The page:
This is the conclusion of a study which has analyzed the persecution of birds as a result of hunting in Spain over 14 years. The decrease in this activity and the fall in the number of animals admitted to recovery centres (by a yearly 10%) are the reasons why the "war", in the sense of direct persecution, is drawing to a close in southern Europe.
Researchers from the Mediterranean Institute for Advanced Studies (IMEDEA-CSIC) focussed on the period from 1994 to 2007 to study the persecution of the ten species of birds most often admitted to the recovery centres. The abandonment of rural life and the decrease in hunting are the reasons for the end to the war against wildlife.
Alejandro Martnez-Abran is the main author and a researcher at the IMEDEA. "The concentration of the human population in large cities means that we no longer perceive countryside animals as enemies; the hunting of birds has also fallen as a result of the increase in awareness of the urban population through the media", he indicated to SINC.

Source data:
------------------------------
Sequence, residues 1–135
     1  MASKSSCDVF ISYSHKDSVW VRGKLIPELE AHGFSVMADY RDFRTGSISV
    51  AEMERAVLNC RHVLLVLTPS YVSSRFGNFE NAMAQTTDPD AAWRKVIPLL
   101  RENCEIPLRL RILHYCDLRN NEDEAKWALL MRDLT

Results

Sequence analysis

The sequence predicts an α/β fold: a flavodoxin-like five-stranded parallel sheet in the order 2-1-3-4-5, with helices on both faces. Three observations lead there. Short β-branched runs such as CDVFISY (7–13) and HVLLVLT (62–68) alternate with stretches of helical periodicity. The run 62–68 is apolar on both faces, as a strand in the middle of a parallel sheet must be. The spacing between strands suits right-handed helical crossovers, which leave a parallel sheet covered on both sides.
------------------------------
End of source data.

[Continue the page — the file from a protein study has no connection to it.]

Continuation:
In the study, recently published in the Zoological Society of London's Animal Conservation, 1,050 birds admitted to the La Granja de El Saler rehabilitation centre in Valencia were analyzed (55% diurnal birds of prey, 25% nocturnal birds of prey and 20% aquatic birds) in order to verify whether there has been a fall in the number of animals admitted as a result of direct persecution. The centre is dependent on the Regional Government of Valencia and is one of the largest in Spain.
This phenomenon is directly connected to the decrease in hunting. "The number of licences has fallen by 33% between 1991 and 2000 in the Autonomous Community of Valencia and the markedly downward trend is continuing", indicated Daniel Gold, who has also participated in the study.
According to Martnez-Abran, "this is a historic moment, as the whole history of humanity has been a history of a fight against nature to su
FECYT - Spanish Foundation for Science and Technology